Coding for Accessibility

Providing real accessibility to disabled users has very little to do with the requirements of the law defined by Section 508 of the Americans with Disabilities Act (ADA). It has much more to do with understanding how these users use the Internet and the limitations and characteristics of the tools that they are required to work with to access the Internet.

For example, blind users typically use screen readers, such as JAWS, to access websites. Unlike your eye, screen readers cannot "scan" a page for relevant headings or words. They have to read every single word on the page, from top to bottom.

With that mind, Web developers can begin to understand the importance of accessibility requirements and best practices, such as:

  • Providing a way for users to skip past the navigation at the top of every page (this can be “hidden” in the document for everyone else)
  • Providing in-page navigation so that users can find out what's on a page without having to hear the whole thing
  • Providing a quick way to go back to the top of the page

However, these rules of thumb aren't only applicable for disabled users. They can also make websites more usable and accessible for non-disabled users. The consideration for disabled users turns out to be excellent practices for making sites easier to use for all users, and crawlable for search engines.

To get an idea of how a disabled person will "see" the page, disable Styles and Images in Firefox's Web Developer toolbar, or use the Fangs Firefox extension.

Provide title attribute with all images

One of the main requirements of section 508 is that all images must have a textual equivalent. In HTML, this is accomplished using the title attribute. The purpose of the title attribute is to provide a description of the contents of the image for those users who cannot see the image. All images must have an title attribute in order for the page to pass Section 508 requirements.

However, not all images convey content relevant information. For example, small images are occasionally used as visual spacers on a page, but contain or convey no relevant information. Such images do not require a description, though they do require a title attribute.

    Use the following rules of thumb in creating title tags for images:

  • All images must have a title tag
  • Decorative images should be used as a background. If it needs to be on the page, it must have an emptytitle attribute (title ="")
  • For images that communicate important content, provide a description of the content of the image

CORRECT:

    title="Photograph of a dog chasing a bunny"

INCORRECT:

    title="Photo"
    title="Product Image"

Use table headings

If you use a table that has logical headings, the first row must use the <th> tag instead of the <td> tag.

EXAMPLE:

<tr>
<th scope="col">Item</th>
<th scope="col">Quantity</th>
<th scope="col">Price</th>
<th scope="col">Total</th>
</tr>

You can also use the <th> tag for row headings, assuming that is appropriate.

EXAMPLE:

<tr>
<th scope="row">Item</th>
<td>[Item 1]</td>
<td>[Item 2]</td>
<td>[Item 3]</td>
<td>[Item 4]</td>
</tr>

Use labels for form elements

The most common technique for making forms more accessible is using <label> tags to identify each form element (text field, checkbox, radio button, etc.). Labels can appear before or after the form element. It is mandatory to attach label using the for element, since it allows more flexibility in the placement of the label. Labels can be used for all form elements: checkboxes, radio buttons, select lists, and buttons (though labels are not required for buttons). Labels are required, however, they can be hidden to the screen display, if necessary. Here is the standard code for a text field within a form:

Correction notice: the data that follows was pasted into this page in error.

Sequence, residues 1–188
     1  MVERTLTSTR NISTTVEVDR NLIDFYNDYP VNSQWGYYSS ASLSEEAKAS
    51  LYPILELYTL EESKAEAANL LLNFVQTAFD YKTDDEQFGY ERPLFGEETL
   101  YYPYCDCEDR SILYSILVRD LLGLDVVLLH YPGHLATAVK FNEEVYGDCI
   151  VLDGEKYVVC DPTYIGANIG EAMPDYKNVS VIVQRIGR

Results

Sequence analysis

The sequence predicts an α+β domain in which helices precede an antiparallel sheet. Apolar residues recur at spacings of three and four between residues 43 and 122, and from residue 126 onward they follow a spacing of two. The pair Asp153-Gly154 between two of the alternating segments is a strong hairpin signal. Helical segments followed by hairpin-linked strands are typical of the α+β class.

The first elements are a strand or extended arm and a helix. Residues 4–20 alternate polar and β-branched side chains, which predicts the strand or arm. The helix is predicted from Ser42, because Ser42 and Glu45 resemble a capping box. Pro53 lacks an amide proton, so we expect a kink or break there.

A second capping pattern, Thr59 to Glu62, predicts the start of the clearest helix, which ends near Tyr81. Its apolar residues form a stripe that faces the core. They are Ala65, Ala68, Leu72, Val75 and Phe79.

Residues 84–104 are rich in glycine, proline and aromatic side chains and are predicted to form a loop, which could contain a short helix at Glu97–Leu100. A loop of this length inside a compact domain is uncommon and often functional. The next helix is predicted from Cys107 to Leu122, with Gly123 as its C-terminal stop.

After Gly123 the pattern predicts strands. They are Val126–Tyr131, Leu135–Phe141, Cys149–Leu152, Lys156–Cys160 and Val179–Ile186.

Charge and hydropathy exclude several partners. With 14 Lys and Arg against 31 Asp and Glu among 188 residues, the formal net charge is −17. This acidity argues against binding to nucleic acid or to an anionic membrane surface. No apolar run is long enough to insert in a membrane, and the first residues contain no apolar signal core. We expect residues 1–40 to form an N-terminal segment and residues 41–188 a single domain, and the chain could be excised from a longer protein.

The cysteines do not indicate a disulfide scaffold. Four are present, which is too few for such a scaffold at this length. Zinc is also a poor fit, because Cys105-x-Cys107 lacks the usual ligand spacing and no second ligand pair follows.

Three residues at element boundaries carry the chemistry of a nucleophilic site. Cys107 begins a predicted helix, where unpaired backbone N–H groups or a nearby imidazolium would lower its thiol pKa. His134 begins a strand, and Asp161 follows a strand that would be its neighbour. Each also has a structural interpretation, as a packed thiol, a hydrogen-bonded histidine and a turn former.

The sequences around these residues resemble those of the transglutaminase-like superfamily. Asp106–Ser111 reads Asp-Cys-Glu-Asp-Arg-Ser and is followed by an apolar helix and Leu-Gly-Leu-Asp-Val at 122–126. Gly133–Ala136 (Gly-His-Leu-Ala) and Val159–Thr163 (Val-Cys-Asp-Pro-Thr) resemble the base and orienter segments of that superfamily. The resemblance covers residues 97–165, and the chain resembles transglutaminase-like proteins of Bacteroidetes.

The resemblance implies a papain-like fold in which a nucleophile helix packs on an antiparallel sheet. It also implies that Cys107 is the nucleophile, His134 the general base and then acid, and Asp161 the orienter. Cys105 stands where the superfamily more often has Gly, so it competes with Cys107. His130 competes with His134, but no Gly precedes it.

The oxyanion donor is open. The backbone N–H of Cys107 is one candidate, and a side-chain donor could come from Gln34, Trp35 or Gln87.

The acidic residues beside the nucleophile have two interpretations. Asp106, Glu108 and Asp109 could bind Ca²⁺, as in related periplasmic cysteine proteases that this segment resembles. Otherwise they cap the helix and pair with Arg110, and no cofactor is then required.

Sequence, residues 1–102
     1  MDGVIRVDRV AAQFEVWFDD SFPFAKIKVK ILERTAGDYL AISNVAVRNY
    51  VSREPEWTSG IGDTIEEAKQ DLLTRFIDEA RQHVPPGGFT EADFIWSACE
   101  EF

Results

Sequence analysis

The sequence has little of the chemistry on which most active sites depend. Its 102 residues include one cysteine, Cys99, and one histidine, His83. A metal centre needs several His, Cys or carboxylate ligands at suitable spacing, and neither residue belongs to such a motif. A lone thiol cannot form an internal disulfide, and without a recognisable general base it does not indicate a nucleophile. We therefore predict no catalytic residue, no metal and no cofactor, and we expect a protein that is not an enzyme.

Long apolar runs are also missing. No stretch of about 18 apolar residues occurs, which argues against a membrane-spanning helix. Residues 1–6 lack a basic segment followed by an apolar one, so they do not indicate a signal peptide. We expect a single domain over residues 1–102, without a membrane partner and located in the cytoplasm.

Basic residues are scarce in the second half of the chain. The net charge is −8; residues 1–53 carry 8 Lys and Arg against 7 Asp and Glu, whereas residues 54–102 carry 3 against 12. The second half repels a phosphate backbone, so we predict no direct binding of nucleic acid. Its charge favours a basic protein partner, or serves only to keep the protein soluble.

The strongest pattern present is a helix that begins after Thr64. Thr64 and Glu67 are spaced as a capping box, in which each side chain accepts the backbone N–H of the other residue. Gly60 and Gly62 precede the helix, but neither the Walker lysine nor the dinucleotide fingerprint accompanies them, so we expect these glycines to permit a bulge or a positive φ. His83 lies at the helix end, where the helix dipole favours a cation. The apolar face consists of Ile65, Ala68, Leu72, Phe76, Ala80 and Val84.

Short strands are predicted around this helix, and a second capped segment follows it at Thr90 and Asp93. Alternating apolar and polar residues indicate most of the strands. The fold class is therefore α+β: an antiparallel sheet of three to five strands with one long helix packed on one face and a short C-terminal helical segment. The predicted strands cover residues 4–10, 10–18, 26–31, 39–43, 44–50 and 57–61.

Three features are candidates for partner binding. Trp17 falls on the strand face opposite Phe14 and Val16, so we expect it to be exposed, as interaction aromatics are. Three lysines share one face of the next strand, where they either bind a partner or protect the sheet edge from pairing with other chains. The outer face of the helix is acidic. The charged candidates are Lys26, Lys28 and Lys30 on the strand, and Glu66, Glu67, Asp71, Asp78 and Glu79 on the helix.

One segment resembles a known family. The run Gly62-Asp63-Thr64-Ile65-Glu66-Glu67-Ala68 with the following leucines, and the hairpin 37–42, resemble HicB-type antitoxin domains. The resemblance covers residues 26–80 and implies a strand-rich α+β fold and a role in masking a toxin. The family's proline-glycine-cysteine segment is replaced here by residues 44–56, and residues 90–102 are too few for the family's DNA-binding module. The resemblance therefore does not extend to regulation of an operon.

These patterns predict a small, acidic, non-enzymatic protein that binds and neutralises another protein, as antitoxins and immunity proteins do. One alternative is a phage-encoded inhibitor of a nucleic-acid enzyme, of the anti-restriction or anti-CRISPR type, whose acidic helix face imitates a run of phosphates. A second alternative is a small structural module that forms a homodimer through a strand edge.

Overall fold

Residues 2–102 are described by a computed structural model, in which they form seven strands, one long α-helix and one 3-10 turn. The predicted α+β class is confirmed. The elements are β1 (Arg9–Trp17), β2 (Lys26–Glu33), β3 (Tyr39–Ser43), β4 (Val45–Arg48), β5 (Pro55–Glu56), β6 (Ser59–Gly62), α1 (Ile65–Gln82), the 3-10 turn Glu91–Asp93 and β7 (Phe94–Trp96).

<label for="fieldID">Text Box Label</label>
<input type="text" name="fieldName" tabindex="1" id="fieldID" />

Note: The for is linked to the field ID, not the name, and is mandatory.

Use a tab index to order form elements

The purpose of the tab index is to specify the order in which form elements will be selected when the user presses the tab key. Form elements can be organized so that users can easily tab through the form in any order they wish. Below is an example of using the tab index for a generic contact form:

<label for="name">Name</label>
<input type="text" name="txtName" id="name" tabindex="1" />

<label for="email">Email</label>
<input type="text" name="txtEmail" id="email" tabindex="2" />

<label for="phone">Phone</label>
<input type="text" name="txtPhone" id="phone" tabindex="3" />

<label for="comments">Comments</label>
<textarea name="txtComments" id="comments" tabindex="4" rows="8" cols="40" />Enter your comments in this box.</textarea>

<input type="checkbox" name="chkSubscribe" id="subscribe" tabindex="5" value="1" />
<label for="subscribe">Send me more spam!</label>

Users should be able to skip navigation

Section 508 of the Americans with Disabilities Act (ADA) requires that "a method shall be provided that permits users to skip repetitive navigation links." As a result, each page will require a "Skip to content" link at the top that will jump to the content area of the page. To implement this strategy, include the following on the top of every page:

<!-- Skip to content link for accessibility purposes -->
<dl class="skip">
<dt><a href="#content" accesskey="c" tabindex="1">skip to content</a></dt>
<dt><a href="#mainNav" accesskey="n" tabindex="2">skip to navigation</a></dt>
</dl>

Once you have the link at the top of the page, you will also need to add an id attribute to the content parent tag:

<div id="content"></div>

 

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